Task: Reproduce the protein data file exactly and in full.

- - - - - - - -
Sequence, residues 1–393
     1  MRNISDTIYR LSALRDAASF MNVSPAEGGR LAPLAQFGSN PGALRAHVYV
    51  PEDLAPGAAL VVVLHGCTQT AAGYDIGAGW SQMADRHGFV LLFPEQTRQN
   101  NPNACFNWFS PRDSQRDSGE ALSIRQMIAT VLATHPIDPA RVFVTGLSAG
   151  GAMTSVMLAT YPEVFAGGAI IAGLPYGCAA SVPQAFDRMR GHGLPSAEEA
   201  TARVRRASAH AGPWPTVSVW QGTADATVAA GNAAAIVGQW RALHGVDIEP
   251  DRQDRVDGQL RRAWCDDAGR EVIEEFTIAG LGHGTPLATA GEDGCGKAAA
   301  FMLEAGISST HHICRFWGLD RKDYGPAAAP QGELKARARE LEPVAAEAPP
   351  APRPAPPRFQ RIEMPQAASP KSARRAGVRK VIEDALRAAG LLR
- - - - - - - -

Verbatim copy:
Sequence, residues 1–393
     1  MRNISDTIYR LSALRDAASF MNVSPAEGGR LAPLAQFGSN PGALRAHVYV
    51  PEDLAPGAAL VVVLHGCTQT AAGYDIGAGW SQMADRHGFV LLFPEQTRQN
   101  NPNACFNWFS PRDSQRDSGE ALSIRQMIAT VLATHPIDPA RVFVTGLSAG
   151  GAMTSVMLAT YPEVFAGGAI IAGLPYGCAA SVPQAFDRMR GHGLPSAEEA
   201  TARVRRASAH AGPWPTVSVW QGTADATVAA GNAAAIVGQW RALHGVDIEP
   251  DRQDRVDGQL RRAWCDDAGR EVIEEFTIAG LGHGTPLATA GEDGCGKAAA
   301  FMLEAGISST HHICRFWGLD RKDYGPAAAP QGELKARARE LEPVAAEAPP
   351  APRPAPPRFQ RIEMPQAASP KSARRAGVRK VIEDALRAAG LLR